Considering now operation of the invention and further portions thereof, it is first noted that the lower level of the structure 13 may be provided as a loading level wherein a truck or the like 12 may drive into or back into the structure for removal of containers therefrom onto an elevator 14. As shown in FIG. 1, there may be provided idlers 26 formed, for example, of rollers upon which a container may be placed for ready movement from the truck to the elevator. These loading idlers may be disposed at a slight incline so as to facilitate movement of the container thereon into the elevator. The floor of the elevator, or at least the majority of such floor, is formed as an endless belt conveyor 27 controllably movable in either direction by drive means 28, schematically shown in FIG. 3. Thus, as a container is moved along the idler 26 to extend into the elevator, the conveyor is operated to move the surface thereof inwardly of the elevator and consequently to draw the container into the elevator whereat the conveyor is stopped with the container properly located for elevator movement. It will, of course be appreciated that there may be provided on the elevator conveyor 27 projections such as teeth or the like that would engage a partially ribbed surface or aligned depressions on the under side of the container to provide a more positive engagement between conveyor and containers, if necessary. Such structures are known in the art and thus are not further described herein.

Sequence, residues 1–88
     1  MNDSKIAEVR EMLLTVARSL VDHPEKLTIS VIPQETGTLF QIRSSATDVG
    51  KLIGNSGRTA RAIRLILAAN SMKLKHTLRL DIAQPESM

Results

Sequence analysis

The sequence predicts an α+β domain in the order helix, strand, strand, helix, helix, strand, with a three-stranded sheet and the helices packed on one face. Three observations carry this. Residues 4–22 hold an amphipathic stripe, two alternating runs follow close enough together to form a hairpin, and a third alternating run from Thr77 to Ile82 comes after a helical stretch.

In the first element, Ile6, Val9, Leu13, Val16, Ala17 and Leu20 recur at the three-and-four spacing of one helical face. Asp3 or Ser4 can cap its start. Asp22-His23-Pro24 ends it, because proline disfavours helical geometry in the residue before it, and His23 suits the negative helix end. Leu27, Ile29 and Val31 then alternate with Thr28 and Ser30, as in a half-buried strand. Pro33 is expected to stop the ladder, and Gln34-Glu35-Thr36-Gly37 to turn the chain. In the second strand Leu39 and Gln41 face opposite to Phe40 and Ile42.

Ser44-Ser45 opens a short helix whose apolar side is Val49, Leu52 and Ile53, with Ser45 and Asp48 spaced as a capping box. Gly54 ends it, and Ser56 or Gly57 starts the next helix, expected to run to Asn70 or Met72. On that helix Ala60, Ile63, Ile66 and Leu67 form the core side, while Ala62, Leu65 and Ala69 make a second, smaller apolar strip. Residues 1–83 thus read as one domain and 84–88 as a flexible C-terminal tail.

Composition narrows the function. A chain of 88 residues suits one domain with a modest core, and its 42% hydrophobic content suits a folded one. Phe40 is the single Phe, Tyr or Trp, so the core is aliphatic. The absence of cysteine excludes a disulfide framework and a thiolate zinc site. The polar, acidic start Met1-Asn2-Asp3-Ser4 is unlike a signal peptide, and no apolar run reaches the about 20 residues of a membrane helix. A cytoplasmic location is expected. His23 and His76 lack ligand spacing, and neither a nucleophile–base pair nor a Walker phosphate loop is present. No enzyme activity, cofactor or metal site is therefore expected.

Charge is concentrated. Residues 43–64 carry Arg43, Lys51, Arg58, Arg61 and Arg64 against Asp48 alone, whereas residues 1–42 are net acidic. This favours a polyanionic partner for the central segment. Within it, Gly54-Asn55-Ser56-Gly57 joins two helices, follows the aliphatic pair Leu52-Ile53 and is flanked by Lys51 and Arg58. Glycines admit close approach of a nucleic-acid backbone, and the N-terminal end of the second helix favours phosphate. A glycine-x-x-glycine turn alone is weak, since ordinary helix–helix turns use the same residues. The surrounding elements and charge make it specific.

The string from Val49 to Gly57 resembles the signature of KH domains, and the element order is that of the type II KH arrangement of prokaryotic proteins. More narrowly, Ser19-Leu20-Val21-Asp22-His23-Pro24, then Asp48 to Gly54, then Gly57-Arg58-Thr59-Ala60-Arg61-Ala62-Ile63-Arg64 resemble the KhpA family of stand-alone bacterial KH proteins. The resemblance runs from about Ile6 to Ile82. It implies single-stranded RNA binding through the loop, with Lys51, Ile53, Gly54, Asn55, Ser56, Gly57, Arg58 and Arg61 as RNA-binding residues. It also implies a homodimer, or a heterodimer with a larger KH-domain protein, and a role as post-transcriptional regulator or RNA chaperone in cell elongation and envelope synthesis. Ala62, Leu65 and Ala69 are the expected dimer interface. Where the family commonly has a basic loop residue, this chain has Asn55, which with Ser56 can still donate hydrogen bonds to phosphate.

Each elevator is dimensioned to readily hold a single container and after the container is located therein at the first level of the building structure 13, the elevator is then raised to an appropriate storage level of the structure. The storage platform 16 is then circumferentially indexed or rotated to place an empty storage space 17 radially outward of the elevator with the container thereon. The elevator conveyor is then operated to move the upper surface thereof outwardly of the structure and thus to move the container out of the elevator. The annular storage platforms 16 slope radially outward as indicated in FIG. 1 and each of the storage spaces 17 is provided with idlers which may, for example, be in the form of space metal rollers mounted for free rotation so that the container moves freely thereover as urged by the elevator conveyor. Alternatively, the spaces 17 may be provided with Round Way bearings or other equivalent of idler rollers. As shown in FIG. 3, a stop is provided at the outer end of each storage space as, for example, in the form of a curb or the like 29 and, as stated, the storage spaces each slant slightly outwardly of the building so that the container rolls easily into the space and is retained in stored position in the space once it is placed therein. There is also provided lateral guides or side walls 30 for each space to confine a container therein. As noted above, any desired number of elevators may be provided in the building structure and provision is made on the entrance or bottom level for access to the elevators by trucks, trains or the like carrying containers. If desired, a truck, for example, may be backed to an elevator rather than employing the idlers 26 outside of the elevators. Alternatively, if wheeled containers or the like such as, for example, automobiles are to be stored in the structure, it will be necessary that the front wheels of same be conveyed on the elevator so that the elevator may then draw the vehicle thereon for raising it to a storage level. In this instance a depression may be provided in each space 17 to arrest outward vehicle movement rather than employing the curb for such purpose.